Japanese students analysing their data to determine pulsar distances at Koriyama Space Park, assisted Tokyo University PhD student, Ryo Mikami.
Australia’s Marine National Facility research vessel Southern Surveyor is heading to the tropical north on two marine research voyages in September and October and then the ship’s doors will be thrown open for free public tours in Darwin.
On the first voyage between Fremantle and Darwin in September scientists, with the aid of science teachers from around the country, will be collecting data to create the first map to show the distribution of floating marine plastics in Australian waters. The data will be compared against CSIRO’s coastal debris surveys to quantify plastic pollution hazards and its distribution.
This project is just one element of a national marine debris audit being undertaken by CSIRO’s Wealth from Oceans National Research Flagship, where researchers are auditing the amount of marine rubbish on Australia’s beaches by collecting data every 100 kilometres right around Australia. With the aid of school groups and citizen scientists, the coastline from Cape Tribulation to Broome has been surveyed so far.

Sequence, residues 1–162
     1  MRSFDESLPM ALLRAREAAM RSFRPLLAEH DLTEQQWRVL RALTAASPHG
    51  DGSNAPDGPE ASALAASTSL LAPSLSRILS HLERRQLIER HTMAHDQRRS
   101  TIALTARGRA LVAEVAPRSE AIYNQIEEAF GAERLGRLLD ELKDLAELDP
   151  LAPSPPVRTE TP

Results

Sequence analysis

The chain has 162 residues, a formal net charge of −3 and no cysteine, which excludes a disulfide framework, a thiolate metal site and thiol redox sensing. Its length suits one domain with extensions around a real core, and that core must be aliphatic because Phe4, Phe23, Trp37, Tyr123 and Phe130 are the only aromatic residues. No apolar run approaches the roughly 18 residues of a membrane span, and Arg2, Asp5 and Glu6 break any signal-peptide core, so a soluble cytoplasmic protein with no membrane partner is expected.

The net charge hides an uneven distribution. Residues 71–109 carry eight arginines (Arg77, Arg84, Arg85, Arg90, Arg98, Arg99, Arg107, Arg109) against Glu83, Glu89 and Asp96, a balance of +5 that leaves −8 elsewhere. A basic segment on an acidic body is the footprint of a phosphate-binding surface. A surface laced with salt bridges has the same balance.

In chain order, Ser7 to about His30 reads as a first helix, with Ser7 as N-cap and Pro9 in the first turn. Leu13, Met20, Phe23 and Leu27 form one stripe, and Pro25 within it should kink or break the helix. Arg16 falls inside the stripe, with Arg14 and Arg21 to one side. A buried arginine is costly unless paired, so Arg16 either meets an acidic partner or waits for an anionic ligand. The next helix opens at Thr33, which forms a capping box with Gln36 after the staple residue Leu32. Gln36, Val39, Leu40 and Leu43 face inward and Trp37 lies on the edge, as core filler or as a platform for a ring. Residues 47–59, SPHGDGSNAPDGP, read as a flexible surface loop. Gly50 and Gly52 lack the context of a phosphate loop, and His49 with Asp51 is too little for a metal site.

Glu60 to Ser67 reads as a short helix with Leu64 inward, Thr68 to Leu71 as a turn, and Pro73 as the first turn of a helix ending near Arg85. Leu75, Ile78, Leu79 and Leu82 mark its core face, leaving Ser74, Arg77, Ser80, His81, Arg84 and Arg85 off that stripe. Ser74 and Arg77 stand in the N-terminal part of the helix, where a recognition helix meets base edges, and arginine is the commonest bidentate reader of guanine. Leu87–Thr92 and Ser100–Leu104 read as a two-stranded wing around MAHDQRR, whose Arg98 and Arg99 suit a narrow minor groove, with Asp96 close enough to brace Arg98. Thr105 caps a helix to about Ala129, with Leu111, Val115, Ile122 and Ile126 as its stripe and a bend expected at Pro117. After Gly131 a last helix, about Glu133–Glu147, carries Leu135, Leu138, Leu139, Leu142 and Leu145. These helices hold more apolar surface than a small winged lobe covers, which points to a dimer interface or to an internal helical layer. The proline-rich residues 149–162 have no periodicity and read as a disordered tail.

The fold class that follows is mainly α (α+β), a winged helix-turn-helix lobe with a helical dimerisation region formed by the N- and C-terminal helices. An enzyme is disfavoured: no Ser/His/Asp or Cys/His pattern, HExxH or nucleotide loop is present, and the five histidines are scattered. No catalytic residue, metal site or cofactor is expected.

The second voyage will leave Darwin to head to Timor Leste waters in late September, in order to deploy scientific moorings that will collect data over the next 18 months. Researchers want to understand more about the major current traveling between the Pacific and Indian Oceans.
This ocean highway is called the Indonesian Throughflow and it has a major influence on the climate of the regional and global climate. The heat and fresh water carried by the Indonesian Throughflow are known to affect both the Pacific and Indian Oceans, however we know very little about how this current changes across the seasons.
This science will help us understand the strength of the Indonesian Throughflow, the kinds of nutrients that are picked up and carried along by this current that can feed commercial fisheries, and how this current affects Australia’s climate and coastal waters.
Being a marine scientist might be the coolest job in the world, right? Well if you’d like to get a taste for life on board Australia’s Marine National Facility research vessel Southern Surveyor, then you’ll need to come down to Stokes Hill Wharf 12-14 October for free public tours.
Places for tours are strictly limited and we expect to be over-subscribed.
To ensure you secure a place on a tour, please email Linda Gaskell at email@example.com.
Things you need to know before booking:
- While you’re on the tour you need to wear closed-toed shoes like joggers, so bring them along and pop them on before you come on board. Sorry no thongs or sandals.
- No children 10 years of age or under.
- Children 11-15 years must be accompanied by a supervising adult.
- Stairways and gangways throughout the ship are narrow and steep.
- Southern Surveyor is air conditioned.